Before It Began With Ayn Rand

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Jerome Tuccille's satiric memoir/history of the libertarian movement, It Usually Begins with Ayn Rand, might not be the most accurate book on the subject, but it's certainly the most entertaining; it belongs on the same shelf as Fear and Loathing in Las Vegas and other semi-fictional offshoots of the New Journalism. Now there's a prequel, Heretic, that describes Tuccille's earlier years. There isn't much explicitly libertarian content here—that's why this is a blog post instead of a full-fledged review—but it's an eminently readable collection of yarns, covering the author's roots in the Bronx, his travels around the globe, and his various religious conversions and sexual misadventures. (Those last two sometimes go hand-in-hand.) Tuccille is a talented storyteller, and he has a knack for bragging and mocking himself at the same time; if you enjoyed It Usually Begins, you'll probably like this one as well.

NEXT: "Drag Me Through the Hell-Slime, Mama, Satan—"

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  1. f you enjoyed It Usually Begins, you’ll probably like this one as well.

    Loved that book. It was a thoroughly entertaining gem and the title has become a sort of movement catchphrase.

    These days, of course, it’s no longer true. The internet has cut Ms. Rand down to size.

  2. If I had to depend on Ayn Rand to become an advocate of individual liberty then I would have never become one. Hayek and Nozick were my prophets.

  3. I read Atlas Shrugged when I was 15, and it instilled me with a healthy hatred of got-damned commoonists that persists to this day.

    But seriously, wtf is up with her cult?

  4. What parts of the book are fictionall? It all seemed pretty convincing to me.

  5. I want to let you all know that I am a libertarian in spite of reading Atlas Shrugged.

    Speaking of libertarian heros, if you’re looking for one, Emiliano Zapata, a national hero of Mexico is a very good one. He fought for “land and liberty”, but not land in the sense of Mugabe-ish seize all the rich man’s land, but in the sense of freedom from the government taking the land from poor peasants and giving to rich oligarchs a la eminent domain.

    Zapata should be a much bigger inspiration to libertarians than everyone’s favorite literary hack Ayn Rand.

  6. Sorry to say to you Rand bashers, but my libertarianism did, in fact, begin with Ayn Rand. Heretic!
    The simple idea that your life belongs to you, not for rent to any god or government, to purloin the Rand-ish Rush, is so beautifully rendered in “The Fountainhead” and “We the Living.” How could you deny those two, people? I’ll give you “Atlas Shrugged” to burn on your funeral pyre, but at least give Rand a little credit, will ya?

  7. All of Ayn Rand’s fiction work was dreck. All of it. She was a shitty story-teller who should have stuck to philosophy, where nobody expects you to be entertaining.

  8. All of Ayn Rand’s fiction work was dreck. All of it. She was a shitty story-teller who should have stuck to philosophy, where nobody expects you to be entertaining.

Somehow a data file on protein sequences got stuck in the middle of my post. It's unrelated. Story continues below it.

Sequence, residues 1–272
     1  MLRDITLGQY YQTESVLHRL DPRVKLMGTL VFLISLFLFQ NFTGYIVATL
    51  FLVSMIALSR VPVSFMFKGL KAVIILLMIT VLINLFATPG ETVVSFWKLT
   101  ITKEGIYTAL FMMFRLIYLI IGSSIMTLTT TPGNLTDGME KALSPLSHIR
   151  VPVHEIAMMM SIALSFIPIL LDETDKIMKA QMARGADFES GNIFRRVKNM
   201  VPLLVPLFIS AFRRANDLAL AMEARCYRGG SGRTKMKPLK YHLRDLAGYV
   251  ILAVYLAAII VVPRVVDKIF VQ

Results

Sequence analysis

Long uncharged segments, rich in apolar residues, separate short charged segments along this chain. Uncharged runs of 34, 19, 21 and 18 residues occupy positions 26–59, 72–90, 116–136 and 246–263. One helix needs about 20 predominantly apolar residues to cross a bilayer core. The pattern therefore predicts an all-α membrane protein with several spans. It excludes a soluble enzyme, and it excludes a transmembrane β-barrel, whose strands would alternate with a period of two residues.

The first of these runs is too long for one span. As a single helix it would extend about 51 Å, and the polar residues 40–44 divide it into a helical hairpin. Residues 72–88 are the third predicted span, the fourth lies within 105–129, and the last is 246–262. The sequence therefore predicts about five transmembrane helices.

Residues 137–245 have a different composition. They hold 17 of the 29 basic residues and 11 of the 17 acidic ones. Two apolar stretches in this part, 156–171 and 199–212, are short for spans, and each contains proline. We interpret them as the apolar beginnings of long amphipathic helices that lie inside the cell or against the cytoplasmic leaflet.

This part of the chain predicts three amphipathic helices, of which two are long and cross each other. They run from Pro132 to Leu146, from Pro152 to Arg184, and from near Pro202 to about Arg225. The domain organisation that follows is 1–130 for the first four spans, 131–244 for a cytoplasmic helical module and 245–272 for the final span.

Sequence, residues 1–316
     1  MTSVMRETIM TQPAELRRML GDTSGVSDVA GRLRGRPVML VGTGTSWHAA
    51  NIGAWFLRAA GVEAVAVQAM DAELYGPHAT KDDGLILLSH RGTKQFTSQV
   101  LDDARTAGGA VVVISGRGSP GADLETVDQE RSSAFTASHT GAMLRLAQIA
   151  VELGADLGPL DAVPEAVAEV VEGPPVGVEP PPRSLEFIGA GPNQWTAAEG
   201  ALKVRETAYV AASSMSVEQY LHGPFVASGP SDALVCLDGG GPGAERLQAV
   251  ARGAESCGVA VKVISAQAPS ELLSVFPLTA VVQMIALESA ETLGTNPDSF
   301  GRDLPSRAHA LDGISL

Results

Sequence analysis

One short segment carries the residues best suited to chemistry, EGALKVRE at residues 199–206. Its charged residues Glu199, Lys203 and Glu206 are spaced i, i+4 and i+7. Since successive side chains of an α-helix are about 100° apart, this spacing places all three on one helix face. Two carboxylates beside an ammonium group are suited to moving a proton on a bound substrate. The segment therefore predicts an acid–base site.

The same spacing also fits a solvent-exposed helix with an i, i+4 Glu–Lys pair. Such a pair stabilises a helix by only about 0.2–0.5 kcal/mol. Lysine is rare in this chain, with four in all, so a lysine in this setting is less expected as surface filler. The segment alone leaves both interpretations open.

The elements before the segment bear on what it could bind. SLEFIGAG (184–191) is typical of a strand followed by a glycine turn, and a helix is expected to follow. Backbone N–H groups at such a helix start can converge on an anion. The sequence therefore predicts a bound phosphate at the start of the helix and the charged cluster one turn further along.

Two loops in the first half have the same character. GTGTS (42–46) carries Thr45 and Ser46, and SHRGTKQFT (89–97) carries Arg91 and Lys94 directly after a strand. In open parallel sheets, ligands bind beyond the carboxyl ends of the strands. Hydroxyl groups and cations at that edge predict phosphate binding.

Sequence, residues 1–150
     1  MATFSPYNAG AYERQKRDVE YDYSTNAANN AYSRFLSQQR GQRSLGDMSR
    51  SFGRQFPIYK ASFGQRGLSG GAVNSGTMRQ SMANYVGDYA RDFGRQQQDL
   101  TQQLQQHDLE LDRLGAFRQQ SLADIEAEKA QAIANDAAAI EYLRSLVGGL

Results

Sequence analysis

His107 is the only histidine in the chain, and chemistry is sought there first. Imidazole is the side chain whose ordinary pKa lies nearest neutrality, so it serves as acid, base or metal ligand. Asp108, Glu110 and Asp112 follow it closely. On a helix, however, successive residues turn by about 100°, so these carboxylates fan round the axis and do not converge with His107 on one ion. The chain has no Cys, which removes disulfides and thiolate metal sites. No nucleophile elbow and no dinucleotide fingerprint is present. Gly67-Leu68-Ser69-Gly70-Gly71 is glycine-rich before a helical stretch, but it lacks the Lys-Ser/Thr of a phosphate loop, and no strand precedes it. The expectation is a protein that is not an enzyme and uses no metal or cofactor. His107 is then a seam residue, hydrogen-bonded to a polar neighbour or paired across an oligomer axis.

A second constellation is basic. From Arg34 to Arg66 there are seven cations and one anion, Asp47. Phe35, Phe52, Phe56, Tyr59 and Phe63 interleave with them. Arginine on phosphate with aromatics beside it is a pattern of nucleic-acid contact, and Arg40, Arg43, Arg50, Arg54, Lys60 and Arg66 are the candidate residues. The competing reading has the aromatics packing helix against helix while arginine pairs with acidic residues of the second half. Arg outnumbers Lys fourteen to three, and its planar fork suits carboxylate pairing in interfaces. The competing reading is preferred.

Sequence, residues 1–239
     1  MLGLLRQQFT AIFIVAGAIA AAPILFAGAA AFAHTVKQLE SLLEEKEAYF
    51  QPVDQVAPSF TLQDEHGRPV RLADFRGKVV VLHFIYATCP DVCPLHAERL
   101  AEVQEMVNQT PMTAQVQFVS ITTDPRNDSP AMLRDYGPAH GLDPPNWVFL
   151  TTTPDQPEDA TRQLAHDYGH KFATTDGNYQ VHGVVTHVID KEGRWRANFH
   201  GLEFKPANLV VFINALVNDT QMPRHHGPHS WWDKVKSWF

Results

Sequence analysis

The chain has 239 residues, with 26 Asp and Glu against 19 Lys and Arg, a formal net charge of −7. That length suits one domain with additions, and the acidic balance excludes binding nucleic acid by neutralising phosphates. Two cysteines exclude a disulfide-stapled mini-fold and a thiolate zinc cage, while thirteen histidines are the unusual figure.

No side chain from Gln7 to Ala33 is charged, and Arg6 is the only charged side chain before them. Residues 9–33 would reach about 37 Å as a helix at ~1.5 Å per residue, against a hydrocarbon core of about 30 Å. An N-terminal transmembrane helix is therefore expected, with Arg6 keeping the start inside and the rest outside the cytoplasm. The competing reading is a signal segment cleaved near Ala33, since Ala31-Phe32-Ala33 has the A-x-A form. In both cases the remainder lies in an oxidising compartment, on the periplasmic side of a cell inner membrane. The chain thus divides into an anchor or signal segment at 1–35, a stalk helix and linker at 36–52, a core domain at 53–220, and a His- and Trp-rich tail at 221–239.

I dunno; “We the Living” didn’t completely suck. (And I hear it was made into a not-completely-sucking movie starring Alida Valli, whose most famous role was as Harry Lime’s girlfriend in “The Third Man.”)

  9. Tuccille’s unflattering portrait of Rand is especially enjoyable if, like me, you’re not a fan of hers.

  10. Perhaps he should re-issue the book with a new title: “It usually begins with Ayn Rand, but Julian Sanchez is still not going to fuck her.”

  11. I read Tuccille’s book when it first came out – about thirtyfive years ago. As a matter of fact, I liberated it from a government library; Jerry would have been proud!

    Oh wait! That was Jerry Rubin and his STEAL THIS BOOK. Wrong Jerry.

  12. I’d fuck Julian Sanchez.

  13. Yes, H&HB, but the point is: he won’t fuck you.

  14. Big surprise, Rand-bashing once again…

    For those of you who think Reason magazine would even be around without Rand-influenced writers and founders, think again. I had some fun at the local library looking up old issues, and they might have well called it “Galt’s Gulch Monthly”.

    But, I don’t expect that to get through to people who believe in libertarianism, but really don’t know why other than it sounds good.

  15. For those of you who think Reason magazine would even be around without Rand-influenced writers and founders, think again

    So? Doesn’t change the fact that she was a shitty fiction writer. Or the warmth it brings to the cockles of my heart to rattle your cage with it every time her name comes up. But hey, I’m apparently only interested in Libertarianism because all the cool kids are sitting around in tin-foil-hats these days, so what do I know?

  16. Stop all your bitching and go to amazon or barnesandnoble.com and buy a copy of Heretic: Confessions of an ex-Catholic Rebel. I promise you, the name Ayn Rand isn’t even mentioned until the end of the book. Lots of bellylaughs along the way.

  17. Hey, that really IS Tuccille’s website and that evidently really was Tuccille. Cool!

  18. Ayn Randroid,

    For those of you who think Reason magazine would even be around without Rand-influenced writers and founders, think again.

    I didn’t come to libertarianism via Reason either.

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